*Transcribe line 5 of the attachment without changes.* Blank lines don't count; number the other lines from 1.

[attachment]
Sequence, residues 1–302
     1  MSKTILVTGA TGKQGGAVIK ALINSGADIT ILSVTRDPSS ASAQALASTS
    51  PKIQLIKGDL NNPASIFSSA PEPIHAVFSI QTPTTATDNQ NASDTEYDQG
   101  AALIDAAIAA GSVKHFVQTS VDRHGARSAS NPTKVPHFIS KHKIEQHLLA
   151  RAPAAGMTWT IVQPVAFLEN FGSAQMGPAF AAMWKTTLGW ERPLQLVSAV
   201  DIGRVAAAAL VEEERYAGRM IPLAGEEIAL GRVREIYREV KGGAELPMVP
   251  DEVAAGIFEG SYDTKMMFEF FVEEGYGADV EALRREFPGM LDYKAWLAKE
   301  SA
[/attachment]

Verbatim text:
   151  RAPAAGMTWT IVQPVAFLEN FGSAQMGPAF AAMWKTTLGW ERPLQLVSAV